New York City, NY, USA

New York City: A Visit to the United Nations and its Living Counterpart

Experience ethnic and cultural diversity in NYC's popular landmark as well as everywhere else.

The 152-foot-tall Statue of Liberty in New York Harbor still beckons immigrants just like it did in 1886, when it was erected after being shipped in pieces from Paris -- a gift to the United States by the people of France. The words written at the base of Lady Liberty by poet Emma Lazarus read: "Give me your tired, your poor, your huddled masses yearning to be free ... I lift my lamp beside the golden door" are still as heartfelt for today's immigrants as they were for the 12 million immigrants who came through Ellis Island between 1892 and 1954.

A recent U.S. Census Bureau report about NYC revealed an increasingly diverse and dynamic city with immigrants making up the majority of the residents in some neighborhoods. All five boroughs illustrate this melting pot of cultures through activities, museums, stores and restaurants, where you can meet people of different countries, sample exotic cuisine and products, listen to international music and watch foreign films.


The Annual International Cultures Parade
June, Midtown Manhattan
The international combustion engine that is New York City is reflected in the many ethnic parades that happen throughout the year. One of the best examples of NYC as a living United Nations is the Annual International Cultures Parade which is organized and sponsored by the International Immigrants Foundation, a non-governmental organization at the United Nations.

This is the only parade in New York City that showcases the multicultural heritage of over 100 world communities at once. The Regional Tibetan Women's Association of New York and New Jersey has coordinated the parade for the last six years. Along with a contingent of colorful Tibetans, thousands of people -- from Morocco to Mexico, Egypt to Ecuador, ranging from young children to their great-grandparents -- join in the festivities. Some walk through the streets of midtown New York while others ride floats, dance, play music and perform in native costumes.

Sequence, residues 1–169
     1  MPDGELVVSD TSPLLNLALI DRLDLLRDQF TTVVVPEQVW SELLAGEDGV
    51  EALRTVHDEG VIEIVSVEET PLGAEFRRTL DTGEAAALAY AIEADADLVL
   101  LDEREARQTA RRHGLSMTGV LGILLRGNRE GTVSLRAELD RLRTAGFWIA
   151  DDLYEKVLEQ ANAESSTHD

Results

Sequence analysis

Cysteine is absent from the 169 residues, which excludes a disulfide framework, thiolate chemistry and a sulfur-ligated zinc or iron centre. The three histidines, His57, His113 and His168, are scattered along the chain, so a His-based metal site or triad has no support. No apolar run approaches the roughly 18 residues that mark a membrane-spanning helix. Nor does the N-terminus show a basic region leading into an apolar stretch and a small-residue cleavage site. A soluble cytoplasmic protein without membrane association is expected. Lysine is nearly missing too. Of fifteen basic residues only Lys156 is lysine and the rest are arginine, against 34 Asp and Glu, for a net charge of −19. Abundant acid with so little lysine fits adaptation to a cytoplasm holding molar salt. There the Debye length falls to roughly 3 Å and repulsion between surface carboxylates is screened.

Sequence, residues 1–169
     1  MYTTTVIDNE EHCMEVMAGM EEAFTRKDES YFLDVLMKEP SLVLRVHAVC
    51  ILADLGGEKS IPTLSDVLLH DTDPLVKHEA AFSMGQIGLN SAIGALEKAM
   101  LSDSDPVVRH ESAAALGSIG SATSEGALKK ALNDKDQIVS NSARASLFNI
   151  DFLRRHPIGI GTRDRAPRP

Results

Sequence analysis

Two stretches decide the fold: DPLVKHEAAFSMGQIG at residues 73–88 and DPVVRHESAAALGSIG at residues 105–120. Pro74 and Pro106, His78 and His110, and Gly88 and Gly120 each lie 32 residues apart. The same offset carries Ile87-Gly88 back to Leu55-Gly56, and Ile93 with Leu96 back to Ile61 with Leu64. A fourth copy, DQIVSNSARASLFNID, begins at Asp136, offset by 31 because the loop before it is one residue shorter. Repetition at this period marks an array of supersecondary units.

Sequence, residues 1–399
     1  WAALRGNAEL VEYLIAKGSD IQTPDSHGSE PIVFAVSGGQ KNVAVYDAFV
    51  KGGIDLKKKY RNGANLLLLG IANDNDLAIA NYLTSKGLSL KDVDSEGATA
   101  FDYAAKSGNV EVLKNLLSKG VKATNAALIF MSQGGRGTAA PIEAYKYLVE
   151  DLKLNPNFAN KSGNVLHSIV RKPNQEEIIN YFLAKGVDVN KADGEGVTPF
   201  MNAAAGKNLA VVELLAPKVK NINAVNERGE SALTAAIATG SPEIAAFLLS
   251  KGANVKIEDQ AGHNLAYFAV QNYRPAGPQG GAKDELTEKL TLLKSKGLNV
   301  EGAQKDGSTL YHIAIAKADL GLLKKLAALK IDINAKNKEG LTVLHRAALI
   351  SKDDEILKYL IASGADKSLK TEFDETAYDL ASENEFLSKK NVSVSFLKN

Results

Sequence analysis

Of course, you can find a parade celebrating the heritage of practically any ethnic group. Here are some of the biggest:

  • Chinese New Year Parade
    First full moon between Jan 21 and Feb 19, 212-431-9740
    The parade usually winds throughout Chinatown along Mott, Canal and Bayard streets, and along East Broadway.
  • St Patrick's Day Parade
    March 17, 212-484-1222
    Celebrating an impromptu march through the streets by Irish militiamen on St. Patrick's Day in 1762, this has become a draw for every Irish band and organization in the U.S. and Ireland. Usually starting just before noon, it heads up Fifth Avenue between 44th and 86th streets.
  • Puerto Rican Day Parade
    A traditional celebration of the heritage, culture and history of more than 800,000 New Yorkers of Puerto Rican descent. Runs along Fifth Avenue from 44th Street to 86th Street.
  • West Indian-American Day Parade
    Labor Day, 718-467-1797 or 212-484-1222
    Brooklyn's largest parade, modeled after the carnivals of Trinidad and Tobago, features music, food and dance. The parade route begins at the corner of Rochester and Eastern Parkway and ends near the Grand Army Plaza.
  • African-American Day Parade
    Late September, 212-348-3080
    Runs from 111th Street and Adam Clayton Powell Boulevard to 142nd Street, then east toward Fifth Avenue in Harlem.
  • Columbus Day Parade
    Mid-October, 212-249-2360
    One of NYC’s largest, this parade pays tribute to the city's Italian heritage and commemorates the day America was put on the map. Runs along Fifth Avenue from 44th to 79th streets.


World Music Institute (WMI), 212-545-7536
WMI supports and promotes both U.S.-resident artists as well international masters. The group presents 60 concerts a year at theaters throughout the city. Performances include acts from Africa, Asia, Europe, the Americas and the Middle East as well as regional music from throughout North America.

With one of the most diverse artist rosters and audiences, WMI plays an important role in presenting under-recognized dance and music traditions from more than 100 countries and ethnic minorities from around the world. WMI celebrates the culture of the many immigrant communities in New York, while exposing New Yorkers to musical traditions that include Afro-Peruvian, American Gospel, New York Flamenco, Soul music from Mali and Indian dancers.


In addition to being one of the most filmed cities in the world, New York City hosts international film festivals throughout the year. At almost any given time, there's a film festival where you can see the latest cinema from around the globe. Here are three to know about:

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